Then came a text that made me flinch: “Whatcha doin’?”
I want to be known as a loving and giving person and am always trying to be more available to others. Somewhere in my formative years, I picked up the idea that caring for myself is selfish. But—I had taken the afternoon away from work. My body and my brain needed this four-hour appointment I had made with me.
Now I felt guilty.
For some of us, four hours alone on a random Friday afternoon seems terribly selfish when others are hurting, or your family may need your brilliance. That is, until you look at several specific times Jesus chose solitude. He knew and understood the importance of down time, and the value of being alone.
He [Jesus] left in a boat to a remote area to be alone.~Matthew 14:13 NLT
There are times we need to say “no” to others in order to say “yes” to ourselves. It is crucial we have space to think about big decisions. We must get rest in order to recharge. We need an hour once in a while to process, reflect, and plan. And, most of all, we need to set apart time alone dedicated to prayer.
But Jesus often withdrew to the wilderness for prayer.~Luke 5:16 NLT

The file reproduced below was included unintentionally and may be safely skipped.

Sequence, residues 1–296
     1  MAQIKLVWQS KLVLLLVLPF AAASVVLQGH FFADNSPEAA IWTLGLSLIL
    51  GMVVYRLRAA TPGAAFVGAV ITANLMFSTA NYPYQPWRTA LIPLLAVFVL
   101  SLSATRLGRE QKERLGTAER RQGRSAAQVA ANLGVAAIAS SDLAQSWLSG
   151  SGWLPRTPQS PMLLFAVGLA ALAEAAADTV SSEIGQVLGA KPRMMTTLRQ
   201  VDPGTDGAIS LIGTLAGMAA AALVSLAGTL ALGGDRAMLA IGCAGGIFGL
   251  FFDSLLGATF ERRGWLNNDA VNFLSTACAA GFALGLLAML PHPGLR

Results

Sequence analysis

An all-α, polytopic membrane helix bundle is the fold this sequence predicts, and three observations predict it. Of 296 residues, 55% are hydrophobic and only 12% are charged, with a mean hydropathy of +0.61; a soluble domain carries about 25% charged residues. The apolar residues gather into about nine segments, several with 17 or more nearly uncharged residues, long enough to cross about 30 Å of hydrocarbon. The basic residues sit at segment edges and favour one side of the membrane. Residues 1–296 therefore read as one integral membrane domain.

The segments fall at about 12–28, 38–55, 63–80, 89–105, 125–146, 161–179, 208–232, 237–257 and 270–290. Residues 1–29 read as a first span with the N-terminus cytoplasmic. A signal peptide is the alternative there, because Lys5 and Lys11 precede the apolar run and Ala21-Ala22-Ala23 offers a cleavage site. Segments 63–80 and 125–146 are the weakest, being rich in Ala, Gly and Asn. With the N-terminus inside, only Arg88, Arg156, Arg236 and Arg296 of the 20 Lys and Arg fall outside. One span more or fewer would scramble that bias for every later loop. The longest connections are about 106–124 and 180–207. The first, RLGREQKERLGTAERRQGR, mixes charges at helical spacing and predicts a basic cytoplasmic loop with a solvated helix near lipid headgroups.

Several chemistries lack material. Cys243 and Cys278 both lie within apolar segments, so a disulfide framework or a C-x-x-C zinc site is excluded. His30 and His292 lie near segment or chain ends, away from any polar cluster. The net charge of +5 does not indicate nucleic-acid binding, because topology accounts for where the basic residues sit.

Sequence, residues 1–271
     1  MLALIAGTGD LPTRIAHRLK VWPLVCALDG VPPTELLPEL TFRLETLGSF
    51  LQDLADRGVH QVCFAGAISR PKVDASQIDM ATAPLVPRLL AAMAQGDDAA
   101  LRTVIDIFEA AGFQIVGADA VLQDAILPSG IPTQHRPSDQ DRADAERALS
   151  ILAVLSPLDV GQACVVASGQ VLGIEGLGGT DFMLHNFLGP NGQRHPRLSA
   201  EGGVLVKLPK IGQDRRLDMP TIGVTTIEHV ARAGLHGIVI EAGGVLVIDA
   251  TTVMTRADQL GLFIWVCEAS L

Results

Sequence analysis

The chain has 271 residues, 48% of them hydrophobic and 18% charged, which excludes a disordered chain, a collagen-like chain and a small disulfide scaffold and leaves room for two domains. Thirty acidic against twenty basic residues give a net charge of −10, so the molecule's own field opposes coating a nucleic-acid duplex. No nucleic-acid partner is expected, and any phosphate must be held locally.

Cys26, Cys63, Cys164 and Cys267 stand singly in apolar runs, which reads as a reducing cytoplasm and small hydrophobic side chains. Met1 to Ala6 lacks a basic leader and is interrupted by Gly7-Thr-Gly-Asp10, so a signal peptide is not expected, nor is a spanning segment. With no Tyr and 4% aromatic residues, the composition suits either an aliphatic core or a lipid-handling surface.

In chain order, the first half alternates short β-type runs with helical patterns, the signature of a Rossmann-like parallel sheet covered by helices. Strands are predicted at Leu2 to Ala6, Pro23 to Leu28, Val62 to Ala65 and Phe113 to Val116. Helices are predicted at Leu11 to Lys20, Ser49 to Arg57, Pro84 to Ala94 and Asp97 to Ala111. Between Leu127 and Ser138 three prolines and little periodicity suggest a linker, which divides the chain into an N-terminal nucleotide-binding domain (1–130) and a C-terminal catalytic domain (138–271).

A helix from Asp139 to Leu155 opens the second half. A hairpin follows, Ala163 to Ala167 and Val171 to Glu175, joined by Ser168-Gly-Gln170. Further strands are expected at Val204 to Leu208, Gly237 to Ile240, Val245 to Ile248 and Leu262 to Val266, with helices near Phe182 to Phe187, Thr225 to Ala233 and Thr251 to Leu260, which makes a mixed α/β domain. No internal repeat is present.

Here’s what I have learned from experience, and from Jesus’s lead: When I am feeling depleted and worn thin, chances are that nothing creative, positive, or kind will come from me. More honestly, acting out of my exhaustion and fatigue—saying “yes” when I shouldn’t—is a big risk for everyone involved. Mini-meltdowns, frustration, and tears are all possible. Ever notice that Jesus was never anxious, never stressed, and never worn to the point of snapping?
No one can pour from an empty pitcher. When we are empty we have nothing to left to give. We’d do best not to try.
So, back to that text, “Whatcha doin’?”
Here’s my simple and biblically based response, “I have an appointment this afternoon.”
I would suggest you use it as needed. No one will ever know the appointment is with yourself and the Lord. It’s called self-care, and it’s a page right out of Jesus’s playbook.
What are your thoughts on self-care? Are you overdue for an appointment?
Dear Heavenly Father, I apologize for the times I have not taken care of the body and mind You’ve entrusted to me. I want to be a better example of Your light and love to others—never hurried, impatient, or stressed out. Pull my spirit closer so I’ll be reminded that by connecting with You, and taking care of me, I will be able to give more, and better, to others.
In Jesus’ name. Amen.
Copyright2021: An Appointment with Solitude: Cynthia Mendenhall: All Rights Reserved